The "Militant" Democracy
West Germany came out of the Three Years War a deeply scarred society in the aftermath of the 1957 Hanover massacre. No nation was as rhetorically dedicated to the cause of "democracy", as West German propaganda regularly contrasted "democratic Germany" with the "totalitarian Communist occupied east." Moreover, unlike Portugal or Spain, where integralist regimes did not permit free elections, West German authorities generally celebrated its free elections. However, West German elections had severe deficiencies., heavily linked to an official state ideology where a "nonideological watchman" was required to snuff out "threats" to democracy.
The West German state explicitly cited Karl Popper's "paradox of tolerance" and Hannah Arendt's "Origin of Totalitarianism" to essentially suppress dissidents. For example, the government banned expression of "totalitarian ideologies", which in theory meant both Communism and Nazism, but was essentially selectively only applied to Marxists and other socialists. Short of outright defending and celebrating the Holocaust, few far-right ideas were condemned under Germany's "democracy protection" regime (for example, in one court case, a scholar downplaying the death toll of the Holocaust was acquitted, while another expressing support for the Tanganyikan Mapinduzi rebels was convicted). Ironically, neither Popper nor Arendt were fans of West Germany's "constitutional protection regime."
The Gehlen Organization, under former head of Nazi military intelligence in the Eastern Front, Richard Gehlen, was transformed into Bundesamt für Verfassungsschutz (Federal Office for the Protection of the Constitution), which was given a broad mandate to "root out anti-democratic elements." Opposition elements quickly referred to them as the neo-Gestapo due to the prominence of many ex-Gestapo members (that being said, a majority of members were Abwehr veterans). The election system was also predictably rigged. Under West German election laws, each state sent MPs to the Bundestag based on proportional representation with the caveat that if any one electoral party alliance cleared 50% of valid votes in a state, they would receive 100% of the seats from that state. The ruling coalition would always get over 50% in enough states to guarantee 100% of the seats in those states - and no opposition alliance would ever manage that feat themselves because threatening candidates were often banned from the ballot (for "sympathy to totalitarianism"). Moreover, the opposition, deeply infiltrated by the BfV, was generally unable to ever unite.
In many ways, West Germany had constructed what many American liberals had desribed as the "perfect democracy." Angered by New Left student radicals during the 1964 elections, luminary American historian Richard Hofstadter penned an article describing West Germany as the "perfect democracy." To many American liberals, finally, "men of high virtue" with a belief in "human progress, technocratic rule, democratic rule, and high culture" (West German elites regularly cited Kant to justify their supposed "constitutional rule by law" state) would rule instead of "Marxist student activists, primitive Christian fanatics, and other deranged populists". The obvious fact that many of the judges in the so-called "rule-by-law" state were hanging judges for Nazi Germany was glossed over because pointing this out was quickly condemned as "Communist propaganda" sponsored by the "butchers of Stockholm." The most famous proponent of "militant German democracy" in America was German-born political scientist Karl Loewenstein, who argued that the West German legal system was actually reliable (most prosecutions of electoral candidates actually failed, though too late for their votes to actually be counted) and the system was unlike the Imperial and Nazi past because the government was 1) parliamentary, 2) restrained by courts, and 3) not run by any one autocrat in particular. All of those points were technically true, but this did not convince anyone skeptical of the system.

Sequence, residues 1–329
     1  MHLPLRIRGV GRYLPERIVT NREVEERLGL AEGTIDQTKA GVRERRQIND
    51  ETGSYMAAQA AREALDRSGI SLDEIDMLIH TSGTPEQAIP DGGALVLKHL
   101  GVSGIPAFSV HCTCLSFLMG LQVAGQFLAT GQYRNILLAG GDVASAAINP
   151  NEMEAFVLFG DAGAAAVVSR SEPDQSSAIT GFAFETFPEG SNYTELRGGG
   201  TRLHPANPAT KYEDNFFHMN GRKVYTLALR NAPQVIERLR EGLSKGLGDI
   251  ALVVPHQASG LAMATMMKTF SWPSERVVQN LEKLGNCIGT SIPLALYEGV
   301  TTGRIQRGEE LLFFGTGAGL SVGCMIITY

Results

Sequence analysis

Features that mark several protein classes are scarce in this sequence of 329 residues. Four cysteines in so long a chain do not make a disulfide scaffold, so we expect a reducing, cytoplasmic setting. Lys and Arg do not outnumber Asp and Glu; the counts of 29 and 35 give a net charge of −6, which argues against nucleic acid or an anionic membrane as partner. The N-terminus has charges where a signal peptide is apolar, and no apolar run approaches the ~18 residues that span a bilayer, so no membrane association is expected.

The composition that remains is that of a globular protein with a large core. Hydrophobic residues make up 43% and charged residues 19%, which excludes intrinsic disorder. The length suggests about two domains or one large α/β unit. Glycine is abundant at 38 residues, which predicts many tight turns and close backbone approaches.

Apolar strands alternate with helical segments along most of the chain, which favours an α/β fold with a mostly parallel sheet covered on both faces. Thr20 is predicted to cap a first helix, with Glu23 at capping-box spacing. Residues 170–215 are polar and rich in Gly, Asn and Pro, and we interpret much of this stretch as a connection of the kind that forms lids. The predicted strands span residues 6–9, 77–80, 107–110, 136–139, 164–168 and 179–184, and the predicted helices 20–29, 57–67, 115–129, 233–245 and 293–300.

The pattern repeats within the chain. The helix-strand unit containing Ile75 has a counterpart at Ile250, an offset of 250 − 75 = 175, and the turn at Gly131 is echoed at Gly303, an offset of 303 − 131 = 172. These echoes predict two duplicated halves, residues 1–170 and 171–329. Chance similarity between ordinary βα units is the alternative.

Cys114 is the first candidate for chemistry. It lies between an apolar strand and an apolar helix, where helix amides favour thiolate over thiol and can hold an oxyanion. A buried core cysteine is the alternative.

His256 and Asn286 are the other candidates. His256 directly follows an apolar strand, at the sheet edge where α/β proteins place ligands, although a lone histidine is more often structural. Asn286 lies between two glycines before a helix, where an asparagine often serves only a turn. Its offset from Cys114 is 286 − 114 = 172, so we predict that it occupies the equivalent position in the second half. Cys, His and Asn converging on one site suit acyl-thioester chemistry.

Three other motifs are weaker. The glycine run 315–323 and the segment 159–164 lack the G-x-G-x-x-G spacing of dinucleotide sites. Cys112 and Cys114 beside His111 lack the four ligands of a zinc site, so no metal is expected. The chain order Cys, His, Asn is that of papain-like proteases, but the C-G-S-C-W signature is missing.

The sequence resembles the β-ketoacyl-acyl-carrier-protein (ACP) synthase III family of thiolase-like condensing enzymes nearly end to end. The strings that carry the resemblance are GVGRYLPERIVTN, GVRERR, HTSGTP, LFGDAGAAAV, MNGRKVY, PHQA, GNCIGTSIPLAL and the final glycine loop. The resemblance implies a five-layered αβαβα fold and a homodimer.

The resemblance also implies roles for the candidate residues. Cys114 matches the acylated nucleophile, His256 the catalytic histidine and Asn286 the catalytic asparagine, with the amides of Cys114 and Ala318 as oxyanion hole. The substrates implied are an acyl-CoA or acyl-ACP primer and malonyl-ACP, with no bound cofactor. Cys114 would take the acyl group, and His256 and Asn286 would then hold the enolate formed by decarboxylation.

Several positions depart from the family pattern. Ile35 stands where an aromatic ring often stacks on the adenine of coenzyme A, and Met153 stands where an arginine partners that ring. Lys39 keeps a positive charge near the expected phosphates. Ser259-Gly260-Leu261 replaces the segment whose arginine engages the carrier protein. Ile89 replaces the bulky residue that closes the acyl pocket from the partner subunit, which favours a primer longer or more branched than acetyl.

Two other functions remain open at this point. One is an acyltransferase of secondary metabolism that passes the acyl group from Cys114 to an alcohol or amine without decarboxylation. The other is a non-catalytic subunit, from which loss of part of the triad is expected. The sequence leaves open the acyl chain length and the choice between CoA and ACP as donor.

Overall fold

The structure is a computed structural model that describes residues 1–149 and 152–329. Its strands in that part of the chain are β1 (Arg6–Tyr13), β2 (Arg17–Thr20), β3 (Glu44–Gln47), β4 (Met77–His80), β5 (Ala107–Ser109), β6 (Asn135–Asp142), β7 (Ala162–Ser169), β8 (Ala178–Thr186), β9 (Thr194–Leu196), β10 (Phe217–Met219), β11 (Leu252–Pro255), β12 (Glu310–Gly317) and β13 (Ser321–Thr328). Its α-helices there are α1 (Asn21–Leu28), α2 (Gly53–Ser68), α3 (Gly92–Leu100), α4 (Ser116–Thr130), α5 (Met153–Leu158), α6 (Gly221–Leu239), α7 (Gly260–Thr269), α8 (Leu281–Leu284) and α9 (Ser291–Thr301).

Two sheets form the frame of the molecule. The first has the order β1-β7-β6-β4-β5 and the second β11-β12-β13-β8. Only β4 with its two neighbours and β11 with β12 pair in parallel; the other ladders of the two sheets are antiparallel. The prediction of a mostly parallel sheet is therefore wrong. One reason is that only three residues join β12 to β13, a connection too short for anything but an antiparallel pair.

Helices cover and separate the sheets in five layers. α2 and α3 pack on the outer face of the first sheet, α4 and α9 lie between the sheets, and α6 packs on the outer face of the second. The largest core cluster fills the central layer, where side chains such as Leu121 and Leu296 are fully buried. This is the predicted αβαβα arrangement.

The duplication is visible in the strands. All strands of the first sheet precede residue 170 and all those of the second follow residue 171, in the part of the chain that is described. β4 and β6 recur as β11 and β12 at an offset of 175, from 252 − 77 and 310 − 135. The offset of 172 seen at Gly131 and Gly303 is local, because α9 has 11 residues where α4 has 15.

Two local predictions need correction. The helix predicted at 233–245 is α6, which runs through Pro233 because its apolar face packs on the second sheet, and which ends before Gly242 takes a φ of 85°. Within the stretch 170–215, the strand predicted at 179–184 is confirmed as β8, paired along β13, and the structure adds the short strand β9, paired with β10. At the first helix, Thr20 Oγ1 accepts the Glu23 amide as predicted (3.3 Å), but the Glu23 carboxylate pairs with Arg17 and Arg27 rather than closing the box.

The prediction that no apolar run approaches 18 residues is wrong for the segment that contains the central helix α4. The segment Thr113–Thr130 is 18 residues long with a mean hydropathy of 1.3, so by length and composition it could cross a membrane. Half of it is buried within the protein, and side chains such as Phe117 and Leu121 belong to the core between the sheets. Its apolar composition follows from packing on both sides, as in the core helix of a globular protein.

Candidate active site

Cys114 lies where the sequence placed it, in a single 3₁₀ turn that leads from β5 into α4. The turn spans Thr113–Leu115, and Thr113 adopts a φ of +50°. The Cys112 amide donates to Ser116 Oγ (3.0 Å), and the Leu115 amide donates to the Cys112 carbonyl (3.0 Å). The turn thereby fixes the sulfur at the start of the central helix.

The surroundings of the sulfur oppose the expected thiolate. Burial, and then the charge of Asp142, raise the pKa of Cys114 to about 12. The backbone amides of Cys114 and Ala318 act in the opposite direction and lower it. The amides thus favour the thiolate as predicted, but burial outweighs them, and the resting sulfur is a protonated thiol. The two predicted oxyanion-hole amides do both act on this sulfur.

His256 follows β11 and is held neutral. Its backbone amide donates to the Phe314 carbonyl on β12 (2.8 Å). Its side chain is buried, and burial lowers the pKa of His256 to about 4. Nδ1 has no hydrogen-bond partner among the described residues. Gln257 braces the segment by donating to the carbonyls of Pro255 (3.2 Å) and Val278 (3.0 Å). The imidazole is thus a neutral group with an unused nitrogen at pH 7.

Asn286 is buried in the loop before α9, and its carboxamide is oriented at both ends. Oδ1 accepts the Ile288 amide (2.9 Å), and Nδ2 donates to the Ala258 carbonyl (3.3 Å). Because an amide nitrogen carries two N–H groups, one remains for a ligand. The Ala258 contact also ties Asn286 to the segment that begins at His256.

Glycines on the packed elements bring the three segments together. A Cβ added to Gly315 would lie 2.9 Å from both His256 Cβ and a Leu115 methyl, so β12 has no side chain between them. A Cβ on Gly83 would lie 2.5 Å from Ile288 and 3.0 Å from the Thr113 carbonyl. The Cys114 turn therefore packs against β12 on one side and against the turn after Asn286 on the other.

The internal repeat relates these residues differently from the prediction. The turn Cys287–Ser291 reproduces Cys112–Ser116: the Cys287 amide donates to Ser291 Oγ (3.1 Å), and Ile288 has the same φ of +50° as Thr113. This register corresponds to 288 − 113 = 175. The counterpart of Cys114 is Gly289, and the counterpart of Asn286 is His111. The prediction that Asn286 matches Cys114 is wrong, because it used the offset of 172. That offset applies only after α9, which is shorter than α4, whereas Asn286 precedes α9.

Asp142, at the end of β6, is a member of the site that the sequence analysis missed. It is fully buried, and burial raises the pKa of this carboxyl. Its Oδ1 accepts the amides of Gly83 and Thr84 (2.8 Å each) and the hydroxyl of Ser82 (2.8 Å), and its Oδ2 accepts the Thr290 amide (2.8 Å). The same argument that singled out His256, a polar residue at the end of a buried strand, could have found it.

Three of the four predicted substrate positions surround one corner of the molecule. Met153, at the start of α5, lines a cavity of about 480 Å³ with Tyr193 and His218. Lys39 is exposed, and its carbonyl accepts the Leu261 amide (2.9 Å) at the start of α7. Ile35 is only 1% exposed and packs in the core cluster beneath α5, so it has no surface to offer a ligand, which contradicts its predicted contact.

The West German secret services were heavily supported by France (as West Germany was a dutiful member of the EU) as well as the United States (as a dutiful member of NATO). Moreover, West German universities and political scientists were typically on the forefront of any analysis justifying Western intervention wherever they went (especially in anticolonial struggles, where most nations were actually quite embarrassed to do so). Moreover, West Germany once again became an intellectual center in Europe, at least for a certain type of European. The West German government gleefully sponsored free education for any anti-Communist Eastern European, where they would impress upon their own narrative of history - chief among the official state narrative in West Germany was that "international Marxists" tricked the West and Nazi Germany into a war together, that Operation Barbarossa was a "defensive war" launched to liberate the ethnicities of Eastern Europe, that the Holocaust and other Nazi atrocities were real but their death toll was "overexaggerated" by "Marxist propaganda", and that anticolonial revolts abroad were part of an ancient "Bolshevik war against Western civilization." Their first eager students were Swedes, but they were quickly joined by Hungarians and Yugoslav anti-Communists, as well as Polish refugees. German intellectuals who detested the new regime typically either moved to East Germany - or more popularly, the Saarland, which quickly became a hotbed of anti-regime extremism and academic freedom.
At least between 1957 and 1963, the regime saw skyrocketing incomes, which quieted domestic discontent. However, the oil crash of 1963 and political chaos in neighboring France would also spark remarkable disorder in West Germany, which would only be compounded by the chaos in the Soviet Union. The "Spirit of 64" would soon be on its way to West Germany...